Heat a drizzle of olive oil in a small nonstick pan over medium-low heat. Smash and peel your garlic clove, and add to the pan. When it smells good but hopefully before it starts to brown,  add cherry tomatoes and turn heat up a bit. Add a glug of balsamic vinegar, and shower with salt and pepper. Cook til charred, stirring frequently. This will only take a couple minutes. Remove to a small bowl.

Return skillet to heat, add a bit more olive oil, and toast your garlic bread til beginning to crisp. 

Return tomatoes to pan; stir to combine. (This would be when I’d add the shallot paste.) Make a well in the center and crack an egg into it. Sprinkle s+p on egg, and sprinkle mozzarella cheese all over the pan. Cover (I used the top of a dutch oven) and cook for a couple minutes, or until egg is at your desired doneness and cheese has melted. Remove from heat and sprinkle liberally with parsley. Eat with fork and knife and get your butt to work. 

 

Hermits a la Grandma

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Shall we talk about something generic like how long January felt? Or how frustrating your commute was today? Or the raging primary and how Klobuchar beat(?) Elizabeth Warren? Or about how I haven’t updated this blog since November? 

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Oooh! Or we could talk about TV. That’s fun, people like talking about TV. We’re watching Schitt’s Creek, which is only getting funnier as it develops. And Killing Eve, that’s a good show too. Daniel’s getting me to watch Old Star Trek so I can appreciate New Star Trek. And the Oscars, they happened too! White male rage, amiright? Thank goodness for Parasite. 

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When someone asks “how are ya”, like a barista or a coworker, these are all very good things to bring up. But they don’t really answer how I AM. They talk about how the world is. They’re so much easier than looking the person in the eyes and talking about fear and grief. Of being vulnerable and open and sharing stories. 

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So, because many of us are internet strangers, and strangers don’t do sadness so well, I give you this recipe without much story. We ate them at my grandma’s house growing up, and I miss them. Endish of story.

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I used her recipe and, though they’re close, they’re not perfectly right. But they are delicious and easy and perfectly seasonal. And perhaps when you try them, you too will hear the sound of the harp in the background, and wrinkle your nose about needing to finish dinner before dessert. Or you’ll eat them and think — I know what’s missing, a bowl of strawberries with sugar on top! And tiny vases of fresh cut flowers all over my kitchen. And maybe you’ll hear a creaky old rocking horse in the basement and smell fresh laundry drying in the breeze. I don’t know how to be honest about feelings, but I do know taste memory is real. These bars transport me and comfort me, and I’m glad they’ll live forever on this site.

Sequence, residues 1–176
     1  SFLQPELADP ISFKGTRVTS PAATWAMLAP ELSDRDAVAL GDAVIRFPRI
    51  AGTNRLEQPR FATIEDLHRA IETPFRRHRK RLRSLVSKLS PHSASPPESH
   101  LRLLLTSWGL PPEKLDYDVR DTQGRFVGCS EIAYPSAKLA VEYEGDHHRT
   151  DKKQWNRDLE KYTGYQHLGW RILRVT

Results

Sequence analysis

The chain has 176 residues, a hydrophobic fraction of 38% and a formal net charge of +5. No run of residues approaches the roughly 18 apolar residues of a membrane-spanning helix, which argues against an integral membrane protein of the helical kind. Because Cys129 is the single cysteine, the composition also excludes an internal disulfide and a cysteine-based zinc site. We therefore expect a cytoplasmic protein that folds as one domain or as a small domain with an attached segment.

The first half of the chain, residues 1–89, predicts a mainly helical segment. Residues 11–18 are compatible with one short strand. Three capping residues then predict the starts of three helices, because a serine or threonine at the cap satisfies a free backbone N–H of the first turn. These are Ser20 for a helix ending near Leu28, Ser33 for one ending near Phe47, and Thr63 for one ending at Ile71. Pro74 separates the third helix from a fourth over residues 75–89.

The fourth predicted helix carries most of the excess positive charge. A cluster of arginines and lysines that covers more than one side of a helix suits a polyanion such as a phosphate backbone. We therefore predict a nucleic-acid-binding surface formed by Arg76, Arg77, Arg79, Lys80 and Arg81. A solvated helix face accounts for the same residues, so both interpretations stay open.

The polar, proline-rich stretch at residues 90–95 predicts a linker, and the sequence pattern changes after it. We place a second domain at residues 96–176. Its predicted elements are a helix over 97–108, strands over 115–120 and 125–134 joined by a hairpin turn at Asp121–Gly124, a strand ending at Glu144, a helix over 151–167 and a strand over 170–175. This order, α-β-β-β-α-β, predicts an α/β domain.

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Now, read any good books lately?

one year ago: sicilian stuffed eggplant roll-ups
two years ago: gochujang roasted squash pasta salad
three years ago: miso ginger kale salad
four years ago: kasha bowl with roasted tomatoes
five years ago: bengali egg curry approximation

Hermits a la Grandma

Makes enough for two people to snack on all week, easily double it for more

6 tablespoons butter, at room temp
½ cup sugar, plus extra for topping
1 egg, beaten
2 tablespoons molasses
1 cup + 2 tablespoons flour
1 teaspoon baking soda
¼ teaspoon ground ginger
½ teaspoon cinnamon
¼ teaspoon ground cloves
pinch of salt
½ cup raisins (if old, rehydrate in hot water for 10 minutes before using)

Preheat oven to 375F.

In a stand mixer, cream together butter and sugar until fluffy. Pour in roughly half of your beaten egg (toss the other half or reserve for tomorrow’s scrambled eggs) and the molasses. Mix on medium speed until incorporated, scraping down the bowl as needed.

In a separate medium bowl, sift together flour, baking soda, ginger, cinnamon, cloves, and salt. Add to wet mixture and mix on low speed until incorporated. Stir in raisins. 

Line a cookie sheet with parchment paper. Wet your hands. Scoop up half the cookie batter and form into a long rope, one inch thick, on the baking sheet. Flatten the dough just a bit. Sprinkle with extra sugar. Repeat with other half of dough. 

Bake for 10-12 minutes, or until sides are starting to brown but centers remain pliable. Slice on a diagonal when cool. They keep for a very long while in a covered container at room temp. 

 

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This is the recipe my mom found and attributes to my grandma. It’s her handwriting at the bottom! A quick google revealed zero hermit recipes from Ruth Reichl, so… who knows the origin of this one.